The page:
Multicultural Families

In spite of enormous changes in its structure and functioning, the family is still the main context in which most people are brought up. The family provides safety and nurturance for young people with opportunities for development and growth. The family also provides continuity from one generation to the next, passing down family traditions and beliefs. Finally, the family provides a connection between individuals and the society in which they live. All of these functions are steeped in culture, and are made all the more complex because of culture.

Each family has its own culture, made up of ethnic, religious, historical, educational, socio-economical, and racial aspects. The complexity of family culture is strongly affected by the coming together of people with different cultural identities. When two people from different cultural, ethnic, racial or religious backgrounds form a family, there are significant issues to be addressed. For example, concepts of family may be narrower for Pakeha (involving primarily the nuclear family) than for Maori (where kinship ties are broader and more extended), impacting on the ways in which a multicultural family might operate. So the sharing of personal information might be widespread within an extended Maori family, while a traditional Pakeha family may consider that the nuclear family should be separate from extended family when it comes to sharing personal information.

Christians and Muslims believe in one god, while Hindus and Buddhists believe in many gods, creating the potential for significant conflict and disruption within families with mixed beliefs. Even within a single religious group, there may be powerful differences in beliefs and practices. Catholic Christians and Protestant Christians have different ways of observing their Christian faith that have led to civil war, much less conflict within families!

In a country that is bicultural at its core, like New Zealand, there is an ongoing evolution of identity within individuals and families. Importantly, ethnic or racial stereotypes predict that any individual identifies with one particular culture, but as we have learned in the last fifty years from studies around the world, individuals’ cultural identity exists on a continuum – people relate to culture in a range of ways. There are some who relate strongly to a particular culture and its practices and beliefs, and there are others who relate weakly to, or even reject entirely, the idea of a particular culture for themselves. At the extreme, these people prefer to create a cultural identity that provides a good fit with their personality, life experiences, and goals.

The migration of families from one distinctive culture to another also puts enormous pressure on the family’s cultural beliefs and practices. While experiences differ between migrant families, they all have adjustment issues as they struggle with the loss of familiar country and culture, and the need to fit into the new environment, often with a language that is completely foreign to the migrants. Systems such as government agencies, legal structures, and educational institutions have a significant influence on the cultural practices of any family. For example, in a predominantly Judeo-Christian society, Muslim families may find practices and laws that are in direct conflict with those associated with their religion.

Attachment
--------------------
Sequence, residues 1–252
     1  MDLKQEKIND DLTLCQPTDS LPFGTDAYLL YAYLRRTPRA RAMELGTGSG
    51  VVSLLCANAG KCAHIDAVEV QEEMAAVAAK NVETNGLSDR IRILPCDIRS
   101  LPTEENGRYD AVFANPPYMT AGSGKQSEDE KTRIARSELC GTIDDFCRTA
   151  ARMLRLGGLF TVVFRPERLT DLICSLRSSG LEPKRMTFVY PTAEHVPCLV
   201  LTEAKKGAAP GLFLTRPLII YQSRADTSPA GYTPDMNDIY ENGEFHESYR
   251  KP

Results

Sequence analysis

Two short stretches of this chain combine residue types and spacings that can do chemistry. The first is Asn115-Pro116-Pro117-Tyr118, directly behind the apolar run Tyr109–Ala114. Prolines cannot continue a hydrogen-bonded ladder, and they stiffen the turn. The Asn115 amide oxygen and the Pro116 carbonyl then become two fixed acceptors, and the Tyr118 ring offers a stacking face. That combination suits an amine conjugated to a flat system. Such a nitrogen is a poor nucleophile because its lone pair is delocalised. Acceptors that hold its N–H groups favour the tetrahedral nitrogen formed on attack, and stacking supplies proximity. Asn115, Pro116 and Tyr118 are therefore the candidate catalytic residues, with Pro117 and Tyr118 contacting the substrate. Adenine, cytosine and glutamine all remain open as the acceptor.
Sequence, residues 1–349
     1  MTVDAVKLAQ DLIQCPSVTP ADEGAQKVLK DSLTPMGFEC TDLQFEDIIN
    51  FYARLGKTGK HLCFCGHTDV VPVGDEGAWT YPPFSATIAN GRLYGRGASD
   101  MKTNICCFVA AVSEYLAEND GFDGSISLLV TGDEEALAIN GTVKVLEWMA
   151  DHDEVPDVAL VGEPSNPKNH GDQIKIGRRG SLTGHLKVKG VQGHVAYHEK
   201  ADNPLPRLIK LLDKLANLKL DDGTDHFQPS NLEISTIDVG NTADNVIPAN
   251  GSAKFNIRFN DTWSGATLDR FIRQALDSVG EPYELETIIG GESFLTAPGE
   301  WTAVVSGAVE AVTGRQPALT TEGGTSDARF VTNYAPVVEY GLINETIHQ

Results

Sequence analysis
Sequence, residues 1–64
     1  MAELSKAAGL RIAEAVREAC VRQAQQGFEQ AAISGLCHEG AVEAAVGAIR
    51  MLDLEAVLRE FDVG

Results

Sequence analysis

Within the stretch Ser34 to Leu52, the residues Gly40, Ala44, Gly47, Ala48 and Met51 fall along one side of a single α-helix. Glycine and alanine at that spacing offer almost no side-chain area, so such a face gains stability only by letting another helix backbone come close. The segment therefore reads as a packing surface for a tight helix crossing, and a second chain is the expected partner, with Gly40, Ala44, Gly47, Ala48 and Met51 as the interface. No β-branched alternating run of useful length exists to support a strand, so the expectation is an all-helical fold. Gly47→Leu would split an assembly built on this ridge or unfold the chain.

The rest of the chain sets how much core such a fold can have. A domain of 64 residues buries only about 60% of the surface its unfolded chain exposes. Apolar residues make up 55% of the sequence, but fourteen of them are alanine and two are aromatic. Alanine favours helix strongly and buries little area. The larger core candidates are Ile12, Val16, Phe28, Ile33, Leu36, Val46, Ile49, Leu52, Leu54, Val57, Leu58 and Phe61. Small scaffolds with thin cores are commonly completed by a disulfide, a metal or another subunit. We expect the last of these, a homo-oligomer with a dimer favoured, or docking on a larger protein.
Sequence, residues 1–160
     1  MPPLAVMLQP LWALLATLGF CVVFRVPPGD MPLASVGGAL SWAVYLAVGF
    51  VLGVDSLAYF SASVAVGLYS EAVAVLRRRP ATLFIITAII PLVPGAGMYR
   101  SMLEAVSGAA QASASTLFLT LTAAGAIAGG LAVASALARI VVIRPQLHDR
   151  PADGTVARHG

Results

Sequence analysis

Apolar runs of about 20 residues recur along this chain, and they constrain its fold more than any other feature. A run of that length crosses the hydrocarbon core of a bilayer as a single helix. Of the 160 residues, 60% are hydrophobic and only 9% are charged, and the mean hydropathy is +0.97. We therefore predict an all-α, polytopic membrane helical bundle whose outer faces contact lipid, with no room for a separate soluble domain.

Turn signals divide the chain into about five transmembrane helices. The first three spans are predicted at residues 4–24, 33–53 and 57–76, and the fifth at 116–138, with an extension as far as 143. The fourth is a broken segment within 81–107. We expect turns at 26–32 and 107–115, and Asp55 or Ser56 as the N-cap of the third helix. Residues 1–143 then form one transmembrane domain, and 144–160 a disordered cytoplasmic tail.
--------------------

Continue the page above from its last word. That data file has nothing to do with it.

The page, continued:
There is no doubt that migration is an extremely stressful process, and many families separate as a result of these stresses. In separation and divorce, religious and cultural differences between parents are highlighted once again, and can lead to protracted custody disputes. While the parents were together, they may have been tolerant of each another’s differences, and may have agreed on a particular cultural practice or combination of practices for the family. However, the anger and hurt caused by relationship breakdown and separation can make people return to their original beliefs and practices, and result in bitter arguments about parenting and childcare.

In some cases, a parent has walked away from a child forever because he or she could not tolerate the idea of the child being influenced by the other parent. It is also fairly common for children of immigrant families to want to fit in with their new cultural environment, and this can cause significant family distress as adolescents reject parental authority and belief systems and try to forge their own identities. While these processes occur in all cultures, they are exaggerated when the adolescent’s development is complicated by the differences between his or her parents’ culture and the culture of their adopted country.

It has been suggested that there are three qualities of family functioning that are common to all successful families, and that play a critical role in determining the ability of a family to cope with stress – irrespective of what that stress is.

The first quality is family flexibility – the ability of the family to adapt to changing demands from within the family and from the world outside the family.

The second quality is family communication. Open, straightforward discussion using positive communication strategies allows difficult issues to be resolved.

The third quality is family cohesion – the extent to which family members show their interest in each other, support each other, and enjoy each other’s company.

It is in the development of these three qualities that families are able to tolerate differences within their own systems and differences in the external world.


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